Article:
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Open Access Publications from the University of California

Deeplasmid: deep learning accurately separates plasmids from bacterial chromosomes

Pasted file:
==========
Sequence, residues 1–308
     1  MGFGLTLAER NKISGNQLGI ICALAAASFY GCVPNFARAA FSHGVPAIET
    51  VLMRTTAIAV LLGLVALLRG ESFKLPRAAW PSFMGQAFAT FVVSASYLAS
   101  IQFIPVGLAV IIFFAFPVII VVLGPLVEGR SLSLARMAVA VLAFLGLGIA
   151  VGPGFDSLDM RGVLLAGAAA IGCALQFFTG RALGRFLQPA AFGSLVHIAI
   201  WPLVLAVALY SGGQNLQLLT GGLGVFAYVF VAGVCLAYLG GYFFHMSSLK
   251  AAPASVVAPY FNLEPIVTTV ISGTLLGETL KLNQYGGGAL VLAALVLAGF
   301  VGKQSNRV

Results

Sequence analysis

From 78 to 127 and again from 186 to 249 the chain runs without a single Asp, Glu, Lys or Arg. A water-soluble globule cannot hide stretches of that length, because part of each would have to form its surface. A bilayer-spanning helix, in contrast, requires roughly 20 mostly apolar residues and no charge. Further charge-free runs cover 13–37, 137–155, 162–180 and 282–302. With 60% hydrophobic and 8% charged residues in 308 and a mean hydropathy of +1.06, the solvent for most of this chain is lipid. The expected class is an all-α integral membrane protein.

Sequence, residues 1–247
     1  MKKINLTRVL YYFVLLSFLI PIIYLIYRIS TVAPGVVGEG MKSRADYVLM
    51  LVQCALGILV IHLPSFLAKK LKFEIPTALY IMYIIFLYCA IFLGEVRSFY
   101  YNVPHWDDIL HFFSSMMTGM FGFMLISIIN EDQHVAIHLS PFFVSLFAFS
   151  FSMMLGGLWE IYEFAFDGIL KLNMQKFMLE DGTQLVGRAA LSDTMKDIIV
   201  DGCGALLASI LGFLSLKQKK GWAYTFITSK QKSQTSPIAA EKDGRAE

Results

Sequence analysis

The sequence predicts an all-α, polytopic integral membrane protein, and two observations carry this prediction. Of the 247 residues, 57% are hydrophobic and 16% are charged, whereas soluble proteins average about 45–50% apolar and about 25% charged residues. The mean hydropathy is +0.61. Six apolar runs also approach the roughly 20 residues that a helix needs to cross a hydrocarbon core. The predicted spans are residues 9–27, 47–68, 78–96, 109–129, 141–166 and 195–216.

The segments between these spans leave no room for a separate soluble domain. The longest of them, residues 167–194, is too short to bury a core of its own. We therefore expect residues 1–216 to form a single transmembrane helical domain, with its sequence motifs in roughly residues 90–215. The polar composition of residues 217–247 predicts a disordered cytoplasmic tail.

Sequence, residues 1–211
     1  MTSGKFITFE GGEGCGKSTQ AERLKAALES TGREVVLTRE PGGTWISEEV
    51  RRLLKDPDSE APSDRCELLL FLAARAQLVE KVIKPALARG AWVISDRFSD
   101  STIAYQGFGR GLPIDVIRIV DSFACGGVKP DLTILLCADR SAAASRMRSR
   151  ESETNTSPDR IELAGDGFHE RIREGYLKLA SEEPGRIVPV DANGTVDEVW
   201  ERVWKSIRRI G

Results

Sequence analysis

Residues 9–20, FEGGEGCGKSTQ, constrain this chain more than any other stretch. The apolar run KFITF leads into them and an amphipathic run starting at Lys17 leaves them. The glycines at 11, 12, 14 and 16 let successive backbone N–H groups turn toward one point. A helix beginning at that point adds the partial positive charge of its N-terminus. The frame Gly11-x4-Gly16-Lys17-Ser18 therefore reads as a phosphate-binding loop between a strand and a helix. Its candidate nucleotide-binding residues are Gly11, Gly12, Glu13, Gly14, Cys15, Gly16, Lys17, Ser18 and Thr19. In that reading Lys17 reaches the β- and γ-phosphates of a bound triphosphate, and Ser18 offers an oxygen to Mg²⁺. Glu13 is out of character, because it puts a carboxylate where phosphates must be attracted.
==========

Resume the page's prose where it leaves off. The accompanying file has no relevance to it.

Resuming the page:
Plasmids are mobile genetic elements that play a key role in microbial ecology and evolution by mediating horizontal transfer of important genes, such as antimicrobial resistance genes. Many microbial genomes have been sequenced by short read sequencers and have resulted in a mix of contigs that derive from plasmids or chromosomes. New tools that accurately identify plasmids are needed to elucidate new plasmid-borne genes of high biological importance. We have developed Deeplasmid, a deep learning tool for distinguishing plasmids from bacterial chromosomes based on the DNA sequence and its encoded biological data. It requires as input only assembled sequences generated by any sequencing platform and assembly algorithm and its runtime scales linearly with the number of assembled sequences. Deeplasmid achieves an AUC-ROC of over 89%, and it was more accurate than five other plasmid classification methods. Finally, as a proof of concept, we used Deeplasmid to predict new plasmids in the fish pathogen Yersinia ruckeri ATCC 29473 that has no annotated plasmids. Deeplasmid predicted with high reliability that a long assembled contig is part of a plasmid. Using long read sequencing we indeed validated the existence of a 102 kb long plasmid, demonstrating Deeplasmid's ability to detect novel plasmids.

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